After a volatile first quarter, some investors may wonder if slowing momentum in some developed market (DM) economies and escalating global trade tensions will disproportionately hurt emerging-market (EM) equities.
Concern about these near-term issues is understandable. As we noted heading into 2018, however, longer-term EM fundamentals are solid. Moreover, we remain bullish on select EM equities, particularly as valuations trade at a discount to their DM counterparts.
The threat of a looming trade war, with the U.S. and China at its epicenter, has been a particular source of anxiety for equity markets. A conflict of this type would likely have the greatest impact on emerging Asia, which has the largest trade imbalances with the U.S. Yet despite the recent harsh rhetoric and retaliatory threats, we believe U.S. and Chinese policymakers will ultimately seek to avoid a full-scale trade war and continue to negotiate.
Of potentially greater significance is China’s focus on its domestic economy. While the pace of growth is moderating overall, some sectors—such as technology and gaming—remain strong. Beyond China, we have seen steady upgrades in EM growth forecasts since mid-2017. The International Monetary Fund projects that GDP growth in the EM sphere will outpace DM growth by as much as 3 to 1 through 2022. Firming economies, combined with lower overall inflation and healthy balance sheets, have provided EM central banks with the flexibility to reduce interest rates without stoking a currency crisis.
As for EM equity market opportunities, we see potential in countries experiencing cyclical recoveries, as well as those that are more insulated from the trade crosshairs. Also of interest are countries where market-friendly reforms or democratic regime change, such as we are seeing in Argentina, can contribute to long-term EM growth. South Africa is another EM where a new government has been elected to weed out corruption and revive the economy.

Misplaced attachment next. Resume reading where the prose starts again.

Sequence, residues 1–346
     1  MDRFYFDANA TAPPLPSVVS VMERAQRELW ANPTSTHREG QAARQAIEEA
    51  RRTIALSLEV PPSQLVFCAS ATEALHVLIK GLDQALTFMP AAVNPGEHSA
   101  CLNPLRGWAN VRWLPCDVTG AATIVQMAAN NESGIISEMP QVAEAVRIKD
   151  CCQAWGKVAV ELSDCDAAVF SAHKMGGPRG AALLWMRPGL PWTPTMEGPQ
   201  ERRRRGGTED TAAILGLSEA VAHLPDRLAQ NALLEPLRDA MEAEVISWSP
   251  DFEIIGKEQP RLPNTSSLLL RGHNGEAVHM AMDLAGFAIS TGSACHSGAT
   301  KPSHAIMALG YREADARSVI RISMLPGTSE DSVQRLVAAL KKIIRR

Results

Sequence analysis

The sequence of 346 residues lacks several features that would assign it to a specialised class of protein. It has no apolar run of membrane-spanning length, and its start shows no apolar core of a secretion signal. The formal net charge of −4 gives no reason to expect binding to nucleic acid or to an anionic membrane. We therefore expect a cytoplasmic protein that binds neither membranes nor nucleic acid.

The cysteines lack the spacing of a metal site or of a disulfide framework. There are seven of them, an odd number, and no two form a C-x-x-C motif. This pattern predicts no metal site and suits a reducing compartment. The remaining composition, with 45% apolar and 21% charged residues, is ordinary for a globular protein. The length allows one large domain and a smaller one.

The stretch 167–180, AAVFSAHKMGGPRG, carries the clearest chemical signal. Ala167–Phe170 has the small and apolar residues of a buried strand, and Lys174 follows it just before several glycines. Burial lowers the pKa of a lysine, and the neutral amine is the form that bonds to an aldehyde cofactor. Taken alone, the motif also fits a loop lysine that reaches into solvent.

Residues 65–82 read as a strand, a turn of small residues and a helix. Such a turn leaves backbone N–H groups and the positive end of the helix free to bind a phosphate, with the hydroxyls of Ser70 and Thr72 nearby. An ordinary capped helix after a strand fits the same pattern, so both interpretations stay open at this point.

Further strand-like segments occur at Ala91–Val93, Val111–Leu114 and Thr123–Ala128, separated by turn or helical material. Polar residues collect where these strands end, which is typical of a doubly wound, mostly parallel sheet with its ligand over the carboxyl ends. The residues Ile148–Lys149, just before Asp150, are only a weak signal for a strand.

Elsewhere, Brazil continues to recover from its 2015-16 recession, with improved consumption, strong labor markets, and dampened political turmoil. Economic improvements and reasonable valuations have made Russian equities attractive as well.
This material is prepared by and represents the views of Brian Nick, and does not necessarily represent the views of Nuveen LLC, its affiliates or other Nuveen staff.
These views are presented for informational purposes only and may change in response to changing economic and market conditions. This material is not intended to be a recommendation or investment advice, does not constitute a solicitation to buy or sell securities, and is not provided in a fiduciary capacity. The information provided does not take into account the specific objectives or circumstances of any particular investor, or suggest any specific course of action. Investment decisions should be made based on an investor's objectives and circumstances and in consultation with his or her advisors. Certain products and services may not be available to all entities or persons. Past performance is not indicative of future results. Economic and market forecasts are subject to uncertainty and may change based on varying market conditions, political and economic developments.